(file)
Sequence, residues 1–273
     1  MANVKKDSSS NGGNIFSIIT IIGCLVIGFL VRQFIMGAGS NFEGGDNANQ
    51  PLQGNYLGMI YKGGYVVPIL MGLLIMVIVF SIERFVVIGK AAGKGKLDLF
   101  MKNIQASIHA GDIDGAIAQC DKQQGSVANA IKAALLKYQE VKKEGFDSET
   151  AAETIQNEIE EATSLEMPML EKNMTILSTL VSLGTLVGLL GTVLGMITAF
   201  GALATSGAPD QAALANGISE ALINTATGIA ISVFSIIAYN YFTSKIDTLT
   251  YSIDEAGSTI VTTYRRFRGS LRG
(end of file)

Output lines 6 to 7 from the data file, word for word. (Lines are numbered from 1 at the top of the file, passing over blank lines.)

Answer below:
   201  GALATSGAPD QAALANGISE ALINTATGIA ISVFSIIAYN YFTSKIDTLT
   251  YSIDEAGSTI VTTYRRFRGS LRG